coromandal


seeing the other side

Ask yourself what makes someone vote one way or the other, says psychologist Jonathan Haidt in his essay excerpted below.  For example, why would someone – in this case poor, dispossessed – vote against the party that proposes helping them – in this case the Democrats – and for the party that smiles and tells them to help themselves, against increasingly difficult odds?  And of course, everyone and his cousin has an answer:  a chattering class is born with talking points, driving wedges, simplifying and clarifying, until all nuance and complexity and alternatives are bled out leaving two simpering dried up masses of ideology with a wasteland in between.

What if you look closer, asks Haidt.  And he goes to India to immerse in a different culture, and comes back with a new way of seeing the other side.  People act in response to very deep motivations.  Conservatives, says Haidt, fear uncertainty and change, and they see moral clarity as a means of regaining order and hierarchy.

Haidt’s is a vanguard stance:  recolonize the vast space between camps, and a new social culture will form – a reef – around ideas of complexity and nuance.  Occupy the evacuated center.

Here is the first paragraph of Haidt’s What makes people vote Republican? —

What makes people vote Republican? Why in particular do working class and rural Americans usually vote for pro-business Republicans when their economic interests would seem better served by Democratic policies? We psychologists have been examining the origins of ideology ever since Hitler sent us Germany’s best psychologists, and we long ago reported that strict parenting and a variety of personal insecurities work together to turn people against liberalism, diversity, and progress. But now that we can map the brains, genes, and unconscious attitudes of conservatives, we have refined our diagnosis: conservatism is a partially heritable personality trait that predisposes some people to be cognitively inflexible, fond of hierarchy, and inordinately afraid of uncertainty, change, and death. People vote Republican because Republicans offer “moral clarity”—a simple vision of good and evil that activates deep seated fears in much of the electorate. Democrats, in contrast, appeal to reason with their long-winded explorations of policy options for a complex world.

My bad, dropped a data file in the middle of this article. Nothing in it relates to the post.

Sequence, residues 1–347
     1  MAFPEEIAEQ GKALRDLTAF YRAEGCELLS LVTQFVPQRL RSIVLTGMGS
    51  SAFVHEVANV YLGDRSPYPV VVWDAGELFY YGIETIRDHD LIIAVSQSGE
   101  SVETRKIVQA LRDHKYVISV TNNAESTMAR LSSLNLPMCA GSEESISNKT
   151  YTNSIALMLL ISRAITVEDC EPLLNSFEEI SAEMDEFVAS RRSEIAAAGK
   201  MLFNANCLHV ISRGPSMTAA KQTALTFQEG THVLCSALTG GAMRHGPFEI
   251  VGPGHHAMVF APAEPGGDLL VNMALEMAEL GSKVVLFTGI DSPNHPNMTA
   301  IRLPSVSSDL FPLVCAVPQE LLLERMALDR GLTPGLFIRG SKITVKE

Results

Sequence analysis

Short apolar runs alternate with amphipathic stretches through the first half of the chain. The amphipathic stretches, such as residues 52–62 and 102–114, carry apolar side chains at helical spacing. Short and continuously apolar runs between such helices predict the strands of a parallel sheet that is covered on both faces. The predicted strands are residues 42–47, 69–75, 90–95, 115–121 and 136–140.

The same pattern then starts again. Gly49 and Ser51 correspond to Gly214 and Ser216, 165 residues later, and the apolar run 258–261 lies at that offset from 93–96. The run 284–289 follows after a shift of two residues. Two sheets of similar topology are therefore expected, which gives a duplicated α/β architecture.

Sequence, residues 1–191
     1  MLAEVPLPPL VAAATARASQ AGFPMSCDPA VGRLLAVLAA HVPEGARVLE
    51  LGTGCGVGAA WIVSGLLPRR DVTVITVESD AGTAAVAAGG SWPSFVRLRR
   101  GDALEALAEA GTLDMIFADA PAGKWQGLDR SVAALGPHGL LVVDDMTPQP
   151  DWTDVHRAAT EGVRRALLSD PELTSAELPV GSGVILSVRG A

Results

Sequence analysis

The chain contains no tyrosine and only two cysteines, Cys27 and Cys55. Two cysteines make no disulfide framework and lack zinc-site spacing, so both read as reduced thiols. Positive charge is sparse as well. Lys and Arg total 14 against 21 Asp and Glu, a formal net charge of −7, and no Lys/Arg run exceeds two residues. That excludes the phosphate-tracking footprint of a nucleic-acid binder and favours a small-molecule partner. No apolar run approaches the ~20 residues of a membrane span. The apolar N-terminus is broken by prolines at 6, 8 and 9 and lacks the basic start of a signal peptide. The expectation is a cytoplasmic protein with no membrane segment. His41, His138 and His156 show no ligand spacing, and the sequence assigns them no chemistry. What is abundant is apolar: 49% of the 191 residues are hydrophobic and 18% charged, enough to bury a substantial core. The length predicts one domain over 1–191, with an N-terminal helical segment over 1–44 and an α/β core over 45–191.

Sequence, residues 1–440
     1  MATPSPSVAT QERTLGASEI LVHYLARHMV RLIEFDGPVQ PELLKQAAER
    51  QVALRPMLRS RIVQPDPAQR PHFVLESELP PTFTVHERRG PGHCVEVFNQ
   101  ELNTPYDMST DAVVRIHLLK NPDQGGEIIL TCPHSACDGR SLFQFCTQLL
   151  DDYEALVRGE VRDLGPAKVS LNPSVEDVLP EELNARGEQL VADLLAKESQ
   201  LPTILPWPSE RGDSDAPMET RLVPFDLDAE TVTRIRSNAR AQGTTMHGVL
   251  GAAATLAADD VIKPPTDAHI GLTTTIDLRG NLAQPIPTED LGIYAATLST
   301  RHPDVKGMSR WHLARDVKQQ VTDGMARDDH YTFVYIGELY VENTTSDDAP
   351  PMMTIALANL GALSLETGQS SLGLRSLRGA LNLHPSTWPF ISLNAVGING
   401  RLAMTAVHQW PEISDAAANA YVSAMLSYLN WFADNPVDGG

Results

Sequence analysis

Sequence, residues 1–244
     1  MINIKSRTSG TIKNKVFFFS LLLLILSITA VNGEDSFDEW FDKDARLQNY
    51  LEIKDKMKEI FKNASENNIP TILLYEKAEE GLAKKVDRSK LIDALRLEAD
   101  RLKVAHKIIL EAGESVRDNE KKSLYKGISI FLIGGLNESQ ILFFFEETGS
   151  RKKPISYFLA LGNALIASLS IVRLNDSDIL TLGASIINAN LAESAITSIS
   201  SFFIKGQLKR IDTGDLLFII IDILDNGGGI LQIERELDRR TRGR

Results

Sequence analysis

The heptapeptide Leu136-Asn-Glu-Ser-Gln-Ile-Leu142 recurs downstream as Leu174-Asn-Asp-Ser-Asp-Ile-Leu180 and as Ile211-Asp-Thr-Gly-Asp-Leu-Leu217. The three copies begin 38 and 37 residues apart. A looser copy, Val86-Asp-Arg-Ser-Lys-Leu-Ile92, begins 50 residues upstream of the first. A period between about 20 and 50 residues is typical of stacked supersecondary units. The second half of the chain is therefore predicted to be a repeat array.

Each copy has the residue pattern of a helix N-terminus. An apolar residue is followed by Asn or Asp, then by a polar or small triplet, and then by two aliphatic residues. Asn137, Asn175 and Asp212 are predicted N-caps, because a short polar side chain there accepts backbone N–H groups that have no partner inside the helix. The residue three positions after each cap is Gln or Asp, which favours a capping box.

What makes people vote Republican? Jonathan Haidt, Edge



Koromangala shops
February 20, 2011, 9:08 pm
Filed under: the sweet life | Tags:

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lurking animus
February 18, 2011, 4:57 pm
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Come for dinner, bring a bottle.  Sounds innocuous enough:  a host, some guests, an invitation, gifts, drinks all around, dinner, warm conversation — a social life.  Lovely!

Don’t be fooled.  It’s not as innocent as it appears, says Margaret Visser in her book the Gift of Thanks.  Underneath all the niceties, it’s a sinister dance.  The host – who you would think likes the guest and enjoys his company – is watching, assessing whether the newcomer harbours violent intent.

The guest crosses the host’s home’s threshold and there begins a process of ‘ritual domestication.’  Outside is wild and unpredictable; inside the space of congress and negotiation.  Public life is a blank and life in the home everything.  And nothing is ever what it seems.

From the book –

In languages that have developed from Indo-European roots, the words host and guest come from the same stem, which contains both the g of guest and the h of host:  ghostis.  Hosts and guests play different roles, but they are actors in one “play,” a hospitable action.  Ghostis also provided us with the word hostile, so close is the idea of hospitality to the possibility of animus lurking in either host or guest, or both. (A hostage is a person forcibly, and therefore discourteously, detained by a group not his own.  Originally the word meant a person held as guarantee to a treaty of peace between two previously antagonistic sides.)  A guest is an outsider who has been ritually “domesticated,” made temporarily part of the host’s domus, or house.  He is given food, offered gestures of affability, and sometimes presented with gifts on his departure – for he must be free to leave.  There may be genuine interest in him and delight in his company.  But underlying the performance is the formal and primary aim of “disarming” him, of forestalling any likelihood of violence or resentment.